Dallas Challenges Payday Lenders Head On

     DALLAS (CN) – Dallas fired another salvo in its years-long battle against the payday lending industry, announcing its support for an alternative, nonprofit community lender.
     City Council member Jerry Allen, a former banker, said he hopes the initiative will “end the cycle of debt” for borrowers.
     Payday lenders are heavily criticized for charging excessive, usurious rates and fees of as high as 400 percent from the poorest borrowers.
     “I’ve heard it over and over again from payday and auto title companies: ‘Who else will lend to these poor people? That is why we have to charge 400 to 500 percent,'” Allen said at a news conference Wednesday announcing the plan.
     “Guess what? We just came up with an alternative.”
     Known as the Community Loan Center of Dallas, the lender will allow employees of enrolled employers to apply online for one-year loans of up to $1,000, with no credit checks or collateral required.
     Risk of default is reduced because loan payments will be deducted directly from borrowers’ paychecks. Allen said the city is joining the Community Loan Center of Dallas (CLCD) as an employer, making its 13,000 employees eligible for the loans.
     “The proliferation of payday and auto title lenders proves there is a demand for short-term loans that are easily accessible, and the purpose of the small dollar loan program is to provide ready access to affordable credit while helping to create long-term financial stability,” the CLCD website states.
     “Borrowers are also able to take advantage of free financial counseling to help build their assets and lay the groundwork for long-term financial success.”
     Allen said CLCD borrowers are “hard working people” who “must be employed” to be eligible for a loan.
     “If we can keep more of money in their pockets and they’re helping their families and their kids, how is that not a win-win for everybody?” Allen asked.
     CLCD will work with Community Loan Center of Texas, which has partnered with local nonprofits in Austin, Houston, Laredo, Brownsville and Bryan/College Station to launch similar lenders.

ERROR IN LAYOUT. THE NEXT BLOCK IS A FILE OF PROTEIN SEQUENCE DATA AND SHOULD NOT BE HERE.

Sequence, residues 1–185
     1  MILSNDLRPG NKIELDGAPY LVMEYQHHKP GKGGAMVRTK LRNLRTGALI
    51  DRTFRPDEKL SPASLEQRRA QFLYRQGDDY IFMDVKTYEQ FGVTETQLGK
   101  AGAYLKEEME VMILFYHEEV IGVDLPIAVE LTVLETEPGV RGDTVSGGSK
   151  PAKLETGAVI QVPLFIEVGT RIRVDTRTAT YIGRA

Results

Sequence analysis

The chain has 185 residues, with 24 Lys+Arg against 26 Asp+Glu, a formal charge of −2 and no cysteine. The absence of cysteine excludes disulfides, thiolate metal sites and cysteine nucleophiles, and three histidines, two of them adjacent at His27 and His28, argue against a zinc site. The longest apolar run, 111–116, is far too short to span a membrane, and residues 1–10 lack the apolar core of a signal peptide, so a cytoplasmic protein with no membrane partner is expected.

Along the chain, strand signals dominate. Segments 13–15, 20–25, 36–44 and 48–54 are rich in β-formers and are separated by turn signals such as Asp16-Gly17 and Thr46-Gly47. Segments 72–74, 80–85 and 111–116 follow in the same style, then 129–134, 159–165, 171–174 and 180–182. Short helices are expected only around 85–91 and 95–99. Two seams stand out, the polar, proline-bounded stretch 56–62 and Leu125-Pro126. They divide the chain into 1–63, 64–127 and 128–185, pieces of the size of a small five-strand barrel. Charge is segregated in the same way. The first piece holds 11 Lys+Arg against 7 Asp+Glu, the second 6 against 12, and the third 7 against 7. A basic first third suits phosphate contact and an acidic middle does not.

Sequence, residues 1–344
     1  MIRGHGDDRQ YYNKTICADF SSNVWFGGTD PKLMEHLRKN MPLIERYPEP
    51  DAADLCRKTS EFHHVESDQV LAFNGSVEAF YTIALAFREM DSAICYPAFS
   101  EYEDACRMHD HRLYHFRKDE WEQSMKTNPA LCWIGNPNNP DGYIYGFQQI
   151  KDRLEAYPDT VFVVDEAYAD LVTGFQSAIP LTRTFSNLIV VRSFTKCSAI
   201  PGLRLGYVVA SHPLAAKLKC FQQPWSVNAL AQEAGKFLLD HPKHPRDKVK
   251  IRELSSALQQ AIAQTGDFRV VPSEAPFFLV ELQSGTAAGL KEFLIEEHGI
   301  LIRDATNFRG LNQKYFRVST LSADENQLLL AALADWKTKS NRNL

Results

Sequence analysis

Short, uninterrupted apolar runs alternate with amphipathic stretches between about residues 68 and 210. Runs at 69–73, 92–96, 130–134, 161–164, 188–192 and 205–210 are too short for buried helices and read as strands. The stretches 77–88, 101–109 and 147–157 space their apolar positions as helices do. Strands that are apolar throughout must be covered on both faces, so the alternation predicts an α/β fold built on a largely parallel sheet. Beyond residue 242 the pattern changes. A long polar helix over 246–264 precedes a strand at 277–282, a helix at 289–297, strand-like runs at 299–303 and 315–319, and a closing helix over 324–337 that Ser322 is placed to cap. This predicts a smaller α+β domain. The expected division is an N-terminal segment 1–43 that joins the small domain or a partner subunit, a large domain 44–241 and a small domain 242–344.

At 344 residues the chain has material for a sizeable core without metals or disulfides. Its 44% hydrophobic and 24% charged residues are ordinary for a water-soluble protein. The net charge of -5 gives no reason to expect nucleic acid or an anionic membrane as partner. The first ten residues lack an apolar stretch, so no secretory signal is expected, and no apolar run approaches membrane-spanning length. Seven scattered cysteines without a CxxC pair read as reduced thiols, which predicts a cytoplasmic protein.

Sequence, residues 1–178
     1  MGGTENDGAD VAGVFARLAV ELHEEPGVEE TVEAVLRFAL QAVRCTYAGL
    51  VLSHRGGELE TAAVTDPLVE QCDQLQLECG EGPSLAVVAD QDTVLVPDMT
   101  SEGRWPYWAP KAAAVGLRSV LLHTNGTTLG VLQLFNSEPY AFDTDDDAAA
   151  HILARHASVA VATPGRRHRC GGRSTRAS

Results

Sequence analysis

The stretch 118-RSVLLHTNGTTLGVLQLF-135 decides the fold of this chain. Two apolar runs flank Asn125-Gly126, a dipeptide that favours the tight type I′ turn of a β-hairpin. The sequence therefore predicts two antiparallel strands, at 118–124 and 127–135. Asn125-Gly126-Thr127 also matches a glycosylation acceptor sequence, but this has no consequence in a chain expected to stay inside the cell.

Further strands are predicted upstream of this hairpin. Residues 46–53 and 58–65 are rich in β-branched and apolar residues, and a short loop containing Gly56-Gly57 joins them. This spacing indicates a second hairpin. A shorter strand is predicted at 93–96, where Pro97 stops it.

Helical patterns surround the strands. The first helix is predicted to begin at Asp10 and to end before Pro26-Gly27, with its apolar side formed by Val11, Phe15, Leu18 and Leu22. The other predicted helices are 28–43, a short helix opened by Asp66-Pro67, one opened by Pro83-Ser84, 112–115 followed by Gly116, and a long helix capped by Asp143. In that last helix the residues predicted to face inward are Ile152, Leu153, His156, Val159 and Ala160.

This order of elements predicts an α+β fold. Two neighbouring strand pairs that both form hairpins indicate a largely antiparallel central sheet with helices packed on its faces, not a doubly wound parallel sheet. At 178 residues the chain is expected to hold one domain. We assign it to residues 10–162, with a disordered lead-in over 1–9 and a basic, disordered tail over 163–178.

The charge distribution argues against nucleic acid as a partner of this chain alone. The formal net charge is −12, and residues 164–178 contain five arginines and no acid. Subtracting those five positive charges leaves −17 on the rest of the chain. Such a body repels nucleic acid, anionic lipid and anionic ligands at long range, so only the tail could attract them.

The group says its pilot program in Brownsville has been successful and self supporting, with $3 million in loans disbursed.
     “In the first two years of operation, the CLC of the Rio Grande Valley made 2,000 loans with a 5 percent loss rate,” CLCT says on its website.
     Allen said CLCD has $250,000 in funds, and hopes donors can beef that up into the millions within one year.
     In May, the 5th District Court of Appeals in Dallas affirmed the dismissal of a lawsuit by payday and title lenders against the city’s ordinances targeting the industry.
     Dallas requires the lenders to register with the state every year, to adhere to recordkeeping and inspection requirements, and to restrict extensions of consumer credit. It imposes penalties of up to $500 for each day of violations deemed to be a separate offense.
     The city said the restrictions seek “to reduce abusive and predatory lending practices .”
     Two months later, federal regulators ordered Irving, Texas-based ACE Cash Express to pay $10 million in refunds and fines for illegal collection tactics. The Consumer Financial Protection Bureau accused ACE of making false threats of civil lawsuits and criminal prosecutions against borrowers .

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